Sam: I say “I don’t know,” a lot. It’s a filler, a tic, the new “um” or “like” that your Com101 professors warned you about. It comes tacked onto the end of my sentences like sad parade banners. Most of the time, I don’t even notice I’m saying it.

I have a friend who always calls…

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David Brooks Goes to the Basement

David Brooks Goes to the Basement

A buzzword like “character” could mean just about anything you want it to mean. Like a lot of reclaimed, lofty words from Ancient Greece or Rome — virtue, beauty, culture — character has picked up a lot of fuzz along the way, enough to become a proverbial lightning rod for just about any self-help guru and pop academic and thought-leader under the sun. Which is why David Brooks’ newest title, The Road to Character, did not exactly grab me like the earlier Bobos in Paradise. It sounded too much like the kind of book a dad pushes on an eighteen-year-old graduate. Or an HR executive plants in her office giftbags.

But Brooks is…

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Hikikomori and a Global Word of Grace

Hikikomori and a Global Word of Grace

Back in 2013, we mentioned a disturbing cultural trend in Japan in one of our weekenders, where culturally disenfranchised youth become shut-ins. The official Japanese word for these shut-ins is Hikikomori- and while examples of this have been observed in other places around the world (including Italy, the US, and South Korea), in Japan, the trend has become a cultural phenomenon. For a multitude of reasons, Hikikomori give up on human interaction, choosing to cloister themselves away from the world rather than interact in it.

The Hikikomori phenomenon is worth bringing up again because new studies suggest that as much as…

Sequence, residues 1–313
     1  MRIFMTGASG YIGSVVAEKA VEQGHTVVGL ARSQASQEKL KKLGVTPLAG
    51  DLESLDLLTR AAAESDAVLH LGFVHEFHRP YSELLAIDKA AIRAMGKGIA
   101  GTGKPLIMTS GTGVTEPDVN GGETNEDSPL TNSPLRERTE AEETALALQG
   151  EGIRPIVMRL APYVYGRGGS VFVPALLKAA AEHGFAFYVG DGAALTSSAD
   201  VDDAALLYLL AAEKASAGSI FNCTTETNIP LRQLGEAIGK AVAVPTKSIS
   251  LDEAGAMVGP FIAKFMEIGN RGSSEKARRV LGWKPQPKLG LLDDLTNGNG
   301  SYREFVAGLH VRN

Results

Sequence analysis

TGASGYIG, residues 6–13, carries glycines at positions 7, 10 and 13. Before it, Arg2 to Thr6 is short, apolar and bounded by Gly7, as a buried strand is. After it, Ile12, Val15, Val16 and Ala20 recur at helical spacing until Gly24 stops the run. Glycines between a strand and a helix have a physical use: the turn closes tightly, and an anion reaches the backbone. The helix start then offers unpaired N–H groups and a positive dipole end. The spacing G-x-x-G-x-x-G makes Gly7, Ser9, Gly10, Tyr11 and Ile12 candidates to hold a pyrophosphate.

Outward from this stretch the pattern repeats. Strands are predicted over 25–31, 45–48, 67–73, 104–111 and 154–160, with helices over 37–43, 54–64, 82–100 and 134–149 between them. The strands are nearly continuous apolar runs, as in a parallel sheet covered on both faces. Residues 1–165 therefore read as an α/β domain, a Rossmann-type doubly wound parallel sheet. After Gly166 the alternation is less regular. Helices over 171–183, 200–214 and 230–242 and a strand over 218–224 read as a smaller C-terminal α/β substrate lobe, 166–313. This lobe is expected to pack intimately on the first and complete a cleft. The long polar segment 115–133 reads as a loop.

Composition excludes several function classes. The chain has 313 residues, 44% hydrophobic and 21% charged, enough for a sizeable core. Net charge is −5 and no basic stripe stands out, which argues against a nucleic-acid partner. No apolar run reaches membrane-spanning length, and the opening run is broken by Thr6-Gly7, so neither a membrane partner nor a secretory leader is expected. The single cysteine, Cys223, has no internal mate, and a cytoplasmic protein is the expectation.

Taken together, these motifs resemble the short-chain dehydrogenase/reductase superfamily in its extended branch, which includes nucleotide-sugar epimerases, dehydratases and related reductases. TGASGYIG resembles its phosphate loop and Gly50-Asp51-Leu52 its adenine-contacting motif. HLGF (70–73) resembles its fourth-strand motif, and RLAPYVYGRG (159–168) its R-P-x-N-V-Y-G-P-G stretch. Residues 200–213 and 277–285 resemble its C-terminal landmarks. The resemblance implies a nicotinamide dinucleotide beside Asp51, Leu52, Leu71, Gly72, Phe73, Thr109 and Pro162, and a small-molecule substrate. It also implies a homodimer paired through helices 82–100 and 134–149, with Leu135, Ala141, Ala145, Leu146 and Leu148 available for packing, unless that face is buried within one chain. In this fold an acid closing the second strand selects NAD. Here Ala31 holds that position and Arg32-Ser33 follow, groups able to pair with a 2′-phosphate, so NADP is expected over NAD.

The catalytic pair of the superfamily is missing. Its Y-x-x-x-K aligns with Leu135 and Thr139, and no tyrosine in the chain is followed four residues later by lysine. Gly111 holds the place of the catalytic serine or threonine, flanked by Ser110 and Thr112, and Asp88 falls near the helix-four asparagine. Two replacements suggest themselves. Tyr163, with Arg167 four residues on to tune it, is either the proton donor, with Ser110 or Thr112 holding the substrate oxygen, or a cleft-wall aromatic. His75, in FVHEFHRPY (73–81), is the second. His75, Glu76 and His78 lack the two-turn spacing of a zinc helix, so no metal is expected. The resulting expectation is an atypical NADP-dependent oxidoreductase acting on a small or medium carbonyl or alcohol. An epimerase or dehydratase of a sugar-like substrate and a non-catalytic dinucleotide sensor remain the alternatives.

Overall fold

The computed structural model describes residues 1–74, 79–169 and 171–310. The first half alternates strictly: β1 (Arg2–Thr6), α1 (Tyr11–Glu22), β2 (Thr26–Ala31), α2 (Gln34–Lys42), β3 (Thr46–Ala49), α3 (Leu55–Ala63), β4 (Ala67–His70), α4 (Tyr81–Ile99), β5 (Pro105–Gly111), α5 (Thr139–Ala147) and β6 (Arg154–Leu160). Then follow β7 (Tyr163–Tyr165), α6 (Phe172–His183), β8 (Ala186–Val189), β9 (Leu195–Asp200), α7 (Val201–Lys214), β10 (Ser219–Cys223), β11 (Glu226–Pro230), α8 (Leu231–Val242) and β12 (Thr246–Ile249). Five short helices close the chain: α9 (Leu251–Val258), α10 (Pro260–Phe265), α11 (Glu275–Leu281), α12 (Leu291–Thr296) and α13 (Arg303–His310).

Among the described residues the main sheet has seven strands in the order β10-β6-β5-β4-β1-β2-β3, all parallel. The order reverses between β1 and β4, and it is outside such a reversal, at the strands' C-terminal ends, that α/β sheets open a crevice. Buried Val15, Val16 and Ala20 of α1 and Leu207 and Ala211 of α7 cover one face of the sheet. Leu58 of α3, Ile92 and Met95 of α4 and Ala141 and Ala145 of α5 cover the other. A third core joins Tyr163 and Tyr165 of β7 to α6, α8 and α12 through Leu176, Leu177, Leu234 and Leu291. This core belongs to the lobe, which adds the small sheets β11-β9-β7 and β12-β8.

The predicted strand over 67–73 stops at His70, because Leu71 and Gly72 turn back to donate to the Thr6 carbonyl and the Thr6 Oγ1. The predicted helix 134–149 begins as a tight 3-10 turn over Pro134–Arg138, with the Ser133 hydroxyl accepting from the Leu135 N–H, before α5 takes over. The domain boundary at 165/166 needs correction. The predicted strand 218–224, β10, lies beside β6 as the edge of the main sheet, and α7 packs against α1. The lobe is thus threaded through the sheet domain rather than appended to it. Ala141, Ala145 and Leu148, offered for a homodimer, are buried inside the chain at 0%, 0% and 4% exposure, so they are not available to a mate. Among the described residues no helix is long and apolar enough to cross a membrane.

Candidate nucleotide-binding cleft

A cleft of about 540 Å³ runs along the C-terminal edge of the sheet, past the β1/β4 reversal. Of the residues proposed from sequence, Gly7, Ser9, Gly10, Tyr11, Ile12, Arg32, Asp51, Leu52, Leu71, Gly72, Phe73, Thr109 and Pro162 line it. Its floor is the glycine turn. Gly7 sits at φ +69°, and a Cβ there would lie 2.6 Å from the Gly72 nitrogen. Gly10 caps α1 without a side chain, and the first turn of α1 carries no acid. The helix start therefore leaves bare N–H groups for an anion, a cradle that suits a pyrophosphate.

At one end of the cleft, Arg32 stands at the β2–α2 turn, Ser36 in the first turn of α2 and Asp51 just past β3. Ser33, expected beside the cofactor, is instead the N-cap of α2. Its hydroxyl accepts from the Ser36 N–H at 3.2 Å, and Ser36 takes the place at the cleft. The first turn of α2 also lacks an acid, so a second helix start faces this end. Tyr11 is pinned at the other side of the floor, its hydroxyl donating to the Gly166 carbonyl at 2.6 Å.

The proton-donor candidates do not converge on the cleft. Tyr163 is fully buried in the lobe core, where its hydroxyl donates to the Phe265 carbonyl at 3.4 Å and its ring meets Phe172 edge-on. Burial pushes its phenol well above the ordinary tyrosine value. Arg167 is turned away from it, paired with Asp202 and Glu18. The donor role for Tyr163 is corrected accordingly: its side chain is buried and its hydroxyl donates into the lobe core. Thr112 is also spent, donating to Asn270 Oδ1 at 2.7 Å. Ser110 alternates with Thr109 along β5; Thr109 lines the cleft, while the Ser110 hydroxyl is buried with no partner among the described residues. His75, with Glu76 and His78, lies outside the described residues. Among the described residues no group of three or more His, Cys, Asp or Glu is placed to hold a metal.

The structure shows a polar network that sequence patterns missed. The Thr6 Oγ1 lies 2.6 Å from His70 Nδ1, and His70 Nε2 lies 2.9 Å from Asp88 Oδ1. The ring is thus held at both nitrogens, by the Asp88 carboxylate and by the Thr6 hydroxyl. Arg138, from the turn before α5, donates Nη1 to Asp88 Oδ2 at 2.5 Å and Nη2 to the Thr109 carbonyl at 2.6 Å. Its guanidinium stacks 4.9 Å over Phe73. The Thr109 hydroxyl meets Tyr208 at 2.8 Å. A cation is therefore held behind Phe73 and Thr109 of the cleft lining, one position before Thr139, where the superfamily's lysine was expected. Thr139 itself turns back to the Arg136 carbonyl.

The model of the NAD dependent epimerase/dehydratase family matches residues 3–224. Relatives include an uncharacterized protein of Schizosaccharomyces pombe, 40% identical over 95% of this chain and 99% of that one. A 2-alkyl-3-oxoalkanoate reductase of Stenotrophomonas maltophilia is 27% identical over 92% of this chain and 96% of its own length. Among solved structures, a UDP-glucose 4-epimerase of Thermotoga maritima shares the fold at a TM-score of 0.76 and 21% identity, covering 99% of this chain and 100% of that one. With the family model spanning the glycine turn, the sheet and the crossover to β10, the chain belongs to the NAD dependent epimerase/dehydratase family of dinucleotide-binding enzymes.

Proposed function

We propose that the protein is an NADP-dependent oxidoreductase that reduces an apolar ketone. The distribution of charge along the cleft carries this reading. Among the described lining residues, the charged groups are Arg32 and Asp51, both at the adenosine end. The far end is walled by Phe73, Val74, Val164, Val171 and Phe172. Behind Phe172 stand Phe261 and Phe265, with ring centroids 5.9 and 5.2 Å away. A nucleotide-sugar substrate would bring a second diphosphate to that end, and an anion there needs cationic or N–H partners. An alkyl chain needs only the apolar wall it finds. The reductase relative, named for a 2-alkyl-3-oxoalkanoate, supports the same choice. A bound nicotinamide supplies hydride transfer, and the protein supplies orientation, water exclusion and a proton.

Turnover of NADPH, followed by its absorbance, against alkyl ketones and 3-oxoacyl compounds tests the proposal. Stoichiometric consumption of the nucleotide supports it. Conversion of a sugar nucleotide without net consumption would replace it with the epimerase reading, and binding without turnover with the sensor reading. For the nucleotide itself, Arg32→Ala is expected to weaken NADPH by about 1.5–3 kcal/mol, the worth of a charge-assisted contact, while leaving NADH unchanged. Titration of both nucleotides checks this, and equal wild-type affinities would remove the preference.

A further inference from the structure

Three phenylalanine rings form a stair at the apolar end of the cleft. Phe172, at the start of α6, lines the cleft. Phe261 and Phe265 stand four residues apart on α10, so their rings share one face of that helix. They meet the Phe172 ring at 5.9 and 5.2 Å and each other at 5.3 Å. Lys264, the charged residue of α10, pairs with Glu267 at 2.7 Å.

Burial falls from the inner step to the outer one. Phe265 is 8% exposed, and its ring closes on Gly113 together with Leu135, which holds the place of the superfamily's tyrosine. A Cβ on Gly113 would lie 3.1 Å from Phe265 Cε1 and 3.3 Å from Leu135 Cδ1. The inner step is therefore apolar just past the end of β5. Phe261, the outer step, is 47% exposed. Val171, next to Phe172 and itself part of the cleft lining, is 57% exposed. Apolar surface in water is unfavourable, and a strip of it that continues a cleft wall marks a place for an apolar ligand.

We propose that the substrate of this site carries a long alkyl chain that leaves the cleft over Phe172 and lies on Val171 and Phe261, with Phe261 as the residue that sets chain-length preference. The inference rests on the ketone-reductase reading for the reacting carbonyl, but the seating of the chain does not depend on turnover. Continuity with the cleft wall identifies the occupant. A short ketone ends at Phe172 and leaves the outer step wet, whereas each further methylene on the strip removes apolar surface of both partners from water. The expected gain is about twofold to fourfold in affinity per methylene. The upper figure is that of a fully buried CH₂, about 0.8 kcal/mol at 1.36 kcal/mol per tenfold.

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The Mockingbird Issue 5 Out Now!

The Forgiveness Issue is here! Order your (boyfriend’s, stepdad’s, daughter’s) copy today! To check out the Opener and Table of Contents, click here.

MBIRD_V5_Cover_LowRes

“You Do Not Have to Be Good” and Other Lines That Could Save a Life

“You Do Not Have to Be Good” and Other Lines That Could Save a Life

When the box spring squeals at four in the morning and jolts me into wakefulness—or when the sleeping pill wears off too early and I am dragged just so slowly by life’s tide back onto the shore of Day—I like to pretend God (or the universe, if it’s too early to say God) is trying to turn me into Mary Oliver. Someone patient and attentive—someone who can enjoy a thousand mornings.

Of course when the real me checks the time on her iPhone, the first words on her lips are profanities and not poetry; and she has enjoyed about three in…

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Inside The Forgiveness Issue (Opener and Table of Contents)

Inside The Forgiveness Issue (Opener and Table of Contents)

As Father’s Day rolls around, so does our Forgiveness Issue (purely coincidental). Here’s a teaser to the Fifth Issue of The Mockingbird–the Opener as well as the Table of Contents. Subscriptions and orders can be placed here.

A Cop Out in the Woods

It turns out writing about forgiveness is hard. Maybe we don’t experience it very much, maybe we haven’t had the words to describe it when we have experienced it, but it certainly seems easiest to picture forgiveness by what it isn’t. And there are plenty of examples. Whole genres of film, drama and music have dealt with narratives of…

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Automatic Transmissions and the Phenomenon of “Miswanting”

Automatic Transmissions and the Phenomenon of “Miswanting”

Nicholas Carr has a new book out, called The Glass Cage: Automation and Us, and he opens it by describing his yearning as a young driver for a car with an automatic transmission. It was a new thing at the time, something which allowed drivers the novel experience of multitasking. Those who had automatics had an extra hand for a coke or an eight-track, and an extra foot for thumping the bass line of their favorite Led Zeppelin cut.

The point that this illustration seems downright prehistoric is intended. It was only 40 years ago. 40 years ago we imagined the future with…